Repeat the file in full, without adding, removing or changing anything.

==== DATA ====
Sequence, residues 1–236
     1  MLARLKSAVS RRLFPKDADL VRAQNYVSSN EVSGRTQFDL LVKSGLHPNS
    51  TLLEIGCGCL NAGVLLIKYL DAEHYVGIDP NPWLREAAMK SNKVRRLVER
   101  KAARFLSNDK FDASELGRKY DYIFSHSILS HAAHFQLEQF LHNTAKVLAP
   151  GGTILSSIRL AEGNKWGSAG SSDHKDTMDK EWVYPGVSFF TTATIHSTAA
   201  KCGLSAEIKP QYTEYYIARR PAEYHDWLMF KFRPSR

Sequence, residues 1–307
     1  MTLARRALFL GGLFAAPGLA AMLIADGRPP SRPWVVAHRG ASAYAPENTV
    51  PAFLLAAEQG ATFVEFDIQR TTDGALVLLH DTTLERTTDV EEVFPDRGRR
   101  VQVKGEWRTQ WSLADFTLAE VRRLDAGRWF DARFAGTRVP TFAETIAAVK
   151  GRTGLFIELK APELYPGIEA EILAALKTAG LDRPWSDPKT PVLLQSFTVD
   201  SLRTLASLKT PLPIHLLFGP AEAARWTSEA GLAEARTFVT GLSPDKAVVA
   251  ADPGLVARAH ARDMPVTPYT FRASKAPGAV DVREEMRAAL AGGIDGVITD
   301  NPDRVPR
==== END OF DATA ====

Sequence, residues 1–236
     1  MLARLKSAVS RRLFPKDADL VRAQNYVSSN EVSGRTQFDL LVKSGLHPNS
    51  TLLEIGCGCL NAGVLLIKYL DAEHYVGIDP NPWLREAAMK SNKVRRLVER
   101  KAARFLSNDK FDASELGRKY DYIFSHSILS HAAHFQLEQF LHNTAKVLAP
   151  GGTILSSIRL AEGNKWGSAG SSDHKDTMDK EWVYPGVSFF TTATIHSTAA
   201  KCGLSAEIKP QYTEYYIARR PAEYHDWLMF KFRPSR

Sequence, residues 1–307
     1  MTLARRALFL GGLFAAPGLA AMLIADGRPP SRPWVVAHRG ASAYAPENTV
    51  PAFLLAAEQG ATFVEFDIQR TTDGALVLLH DTTLERTTDV EEVFPDRGRR
   101  VQVKGEWRTQ WSLADFTLAE VRRLDAGRWF DARFAGTRVP TFAETIAAVK
   151  GRTGLFIELK APELYPGIEA EILAALKTAG LDRPWSDPKT PVLLQSFTVD
   201  SLRTLASLKT PLPIHLLFGP AEAARWTSEA GLAEARTFVT GLSPDKAVVA
   251  ADPGLVARAH ARDMPVTPYT FRASKAPGAV DVREEMRAAL AGGIDGVITD
   301  NPDRVPR